‘We can never go back’: Taliban surge spreads fear in Delhi’s ‘Little Kabul’

They call it little Kabul and it’s not hard to see why. In this lively corner of south Delhi, the streets of Lajpat Nagar are lined with Afghan pharmacies, supermarkets, travel agents and beauty parlours, with Dari Persian signage almost as common as Hindi. Delhi’s residents will trek across the city just for the Afghan restaurants, and for a taste of the thick, steaming ovals of naan bread baked in the numerous Afghan bakeries in the neighbourhood.

But in recent days, a sombre mood has taken over this usually bustling enclave, where thousands of Afghans have settled, some as early as 1979. As Kabul fell to the Taliban last Sunday, many of those who had sought safety in India as refugees feared it sounded the death knell for them ever being able to return home.

Ashabuddin Hamdar, who has lived in Lajpat Nagar since December 2018 and runs a modest Afghan burger street stall, looked pale and anxious at the mention of the Taliban. It was threats from the Taliban in 2014, after he refused to work with them in his village, which ultimately led to him fleeing Afghanistan. He left behind his wife and six-year-old son and three-year-old daughter in Kapisa province, 100 miles from Kabul.

“I could not join the Taliban, I am no terrorist,” said Hamdar. Three weeks ago, the Taliban sent his wife a warning. “The Taliban told my wife that if I didn’t return, they would kill her and my family,” he said. “So I haven’t slept for weeks since. I see my children’s faces in all the children here. I am so worried for them. But if I go back now I will be killed.”

According to UN figures from 2020, there are about 16,000 Afghan refugees living in India, the majority of whom are living in Delhi. Lajpat Nagar was built to house refugees fleeing Pakistan after partition in 1947, but over the decades, particularly from the early 1990s when the Taliban began to emerge, it became home to the Afghan community.

Nilafur Ahmadi, 35, working behind the cosmetics counter in Afghan Delhi pharmacy, left her home in Kabul seven years ago. She had not thought her departure would be permanent, but now she says she has little hope of returning. “That’s very sad because everyone wants to return to their country some day,” she said. “People call this neighbourhood a ‘mini Afghanistan’ but it’s not the same.”

Many of its residents are here because of the Taliban. Shabir Ahmad, 18, spoke of how a letter delivered by the Taliban to the door of his parents in Kabul, both senior government employees, threatening their lives, had forced the family to leave everything behind three years ago and live as refugees in Delhi.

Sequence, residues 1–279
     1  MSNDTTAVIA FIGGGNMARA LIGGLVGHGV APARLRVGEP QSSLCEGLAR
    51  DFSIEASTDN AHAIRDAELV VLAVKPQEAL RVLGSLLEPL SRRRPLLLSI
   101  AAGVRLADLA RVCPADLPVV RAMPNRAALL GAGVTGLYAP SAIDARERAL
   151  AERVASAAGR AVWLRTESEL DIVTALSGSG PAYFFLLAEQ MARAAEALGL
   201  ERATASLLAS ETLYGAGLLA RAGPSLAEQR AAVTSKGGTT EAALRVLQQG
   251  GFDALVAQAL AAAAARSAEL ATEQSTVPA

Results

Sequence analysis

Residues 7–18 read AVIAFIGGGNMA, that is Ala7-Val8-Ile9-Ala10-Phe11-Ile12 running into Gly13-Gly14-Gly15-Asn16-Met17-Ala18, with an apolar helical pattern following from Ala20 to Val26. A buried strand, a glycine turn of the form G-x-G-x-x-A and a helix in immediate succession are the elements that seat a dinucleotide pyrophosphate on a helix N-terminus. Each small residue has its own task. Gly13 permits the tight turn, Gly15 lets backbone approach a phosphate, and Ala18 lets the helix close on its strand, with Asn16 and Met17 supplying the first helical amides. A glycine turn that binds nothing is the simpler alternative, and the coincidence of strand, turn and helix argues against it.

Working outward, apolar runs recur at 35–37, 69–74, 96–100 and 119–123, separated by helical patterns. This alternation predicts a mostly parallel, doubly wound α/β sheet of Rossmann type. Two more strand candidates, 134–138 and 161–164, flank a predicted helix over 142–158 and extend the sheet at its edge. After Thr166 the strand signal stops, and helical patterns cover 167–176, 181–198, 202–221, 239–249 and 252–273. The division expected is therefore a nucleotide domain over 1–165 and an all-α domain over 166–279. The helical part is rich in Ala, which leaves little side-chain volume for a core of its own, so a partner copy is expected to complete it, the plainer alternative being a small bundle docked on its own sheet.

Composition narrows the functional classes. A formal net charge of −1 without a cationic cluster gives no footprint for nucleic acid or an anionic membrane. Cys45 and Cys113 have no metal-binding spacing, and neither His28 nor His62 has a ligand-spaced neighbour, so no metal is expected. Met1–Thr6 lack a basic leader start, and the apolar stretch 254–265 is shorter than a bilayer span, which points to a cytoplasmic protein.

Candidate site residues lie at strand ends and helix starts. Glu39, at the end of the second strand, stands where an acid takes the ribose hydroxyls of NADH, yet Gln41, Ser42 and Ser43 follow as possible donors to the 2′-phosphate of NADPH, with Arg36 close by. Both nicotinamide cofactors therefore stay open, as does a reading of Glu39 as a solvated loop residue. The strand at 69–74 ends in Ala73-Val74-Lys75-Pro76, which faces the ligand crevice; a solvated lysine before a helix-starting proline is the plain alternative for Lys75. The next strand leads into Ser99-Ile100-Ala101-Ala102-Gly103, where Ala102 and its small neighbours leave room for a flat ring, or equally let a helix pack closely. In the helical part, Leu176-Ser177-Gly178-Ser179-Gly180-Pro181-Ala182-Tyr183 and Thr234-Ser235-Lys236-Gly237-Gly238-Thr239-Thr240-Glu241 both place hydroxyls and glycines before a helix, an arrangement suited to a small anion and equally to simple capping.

Mujtaba Razaei, 29, described how his whole family fled Herat for Delhi in 2012 after his sister’s husband joined the Taliban and began threatening them all, to the point where they could no longer work or go to school. They left for India without telling anyone and live a clandestine life in Delhi.

“It was very difficult for us to come here. It’s a different language and different culture and we didn’t know anyone because we kept it hidden from everyone we had gone to India,” said Razaei. “Even here we are in hiding.”

The family faced huge economic difficulties in Delhi, and Razaei mournfully recounted his father’s and mother’s deep depression since they arrived. Yet he felt the Taliban’s recent triumph sealed his family’s fate. “Now we can never go back to Afghanistan,” said Razaei. “Home is where you feel safe, and that is no longer Afghanistan.”

Across the city in west Delhi, in a Sikh temple known as the “kabuli” gurdwara, the presence of the newest Afghan refugee arrivals over the past week could be keenly felt. Since Kabul fell to the Taliban, the Indian government has prioritised evacuating Afghan Sikhs and Hindus, a move seen as partly political, playing both to the Hindu nationalist politics of the ruling Bharatiya Janata Party (BJP) and to the Sikh vote, which will be influential in upcoming state elections in Punjab.

Sikhs are also seen as targets by Islamic militants in Afghanistan. Last year, 25 Afghan Sikhs were killed when an Isis suicide bomber targeted a gurdwara in Kabul. When Kabul recently fell to the Taliban, hundreds of Sikhs locked themselves inside gurdwaras.

Over 100 Afghan Sikhs have been evacuated to Delhi over the past week and about 20 of them are staying at Guru Arjun Dev Ji Gurdwara. “The situation is very bad in Afghanistan,” said Pratab Singh, president of the gurdwara, who himself fled Kabul in 1991. “God knows what the Taliban will do. Sikhs there are very scared, they are fleeing because of the Taliban and leaving everything behind.”

Yet there was also jubilance at the gurdwara. Not only were over 70 Sikh evacuees on the latest government flight from Kabul to Delhi, but so was a sacred copy of the Sikh holy scripture, Guru Granth Sahib, which had been rescued from an Afghan gurdwara in Jalalabad and carried to Delhi with great care. It was the third copy of the Guru Granth Sahib evacuated from Afghanistan this week, with scriptures from Kabul and Ghazni gurdwaras also safely brought over, and its entrance to the gurdwara was greeted with a ceremonial procession, chants and blessings.

Dozens who gathered at Guru Arjun Dev Ji Gurdwara, which is run entirely by Afghan Sikhs, described escaping in 1991, when the Afghan government fell last time. This recent arrival of refugees, lamented many, marked the end of the Sikh community in Afghanistan, which had once numbered 250,000. Now barely 200 are left.

“It is very sad the whole Sikh community has been driven out,” said Trilok Singh, 58, who fled Kabul to Delhi in 1991. “The Taliban attacked us and our gurdwaras. We cannot forget Afghanistan – but India is our home now.”

Additional reporting by Tripti Nath




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